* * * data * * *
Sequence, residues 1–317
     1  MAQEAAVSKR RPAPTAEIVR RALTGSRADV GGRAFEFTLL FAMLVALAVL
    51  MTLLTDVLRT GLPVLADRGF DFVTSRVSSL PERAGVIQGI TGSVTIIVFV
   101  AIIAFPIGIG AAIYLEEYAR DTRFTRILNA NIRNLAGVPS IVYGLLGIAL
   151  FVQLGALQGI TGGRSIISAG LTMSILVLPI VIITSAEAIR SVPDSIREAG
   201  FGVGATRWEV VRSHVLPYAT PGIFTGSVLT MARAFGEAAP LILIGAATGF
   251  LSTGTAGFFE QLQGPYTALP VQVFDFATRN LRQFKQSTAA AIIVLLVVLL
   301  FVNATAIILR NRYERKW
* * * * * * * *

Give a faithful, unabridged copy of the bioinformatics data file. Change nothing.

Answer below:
Sequence, residues 1–317
     1  MAQEAAVSKR RPAPTAEIVR RALTGSRADV GGRAFEFTLL FAMLVALAVL
    51  MTLLTDVLRT GLPVLADRGF DFVTSRVSSL PERAGVIQGI TGSVTIIVFV
   101  AIIAFPIGIG AAIYLEEYAR DTRFTRILNA NIRNLAGVPS IVYGLLGIAL
   151  FVQLGALQGI TGGRSIISAG LTMSILVLPI VIITSAEAIR SVPDSIREAG
   201  FGVGATRWEV VRSHVLPYAT PGIFTGSVLT MARAFGEAAP LILIGAATGF
   251  LSTGTAGFFE QLQGPYTALP VQVFDFATRN LRQFKQSTAA AIIVLLVVLL
   301  FVNATAIILR NRYERKW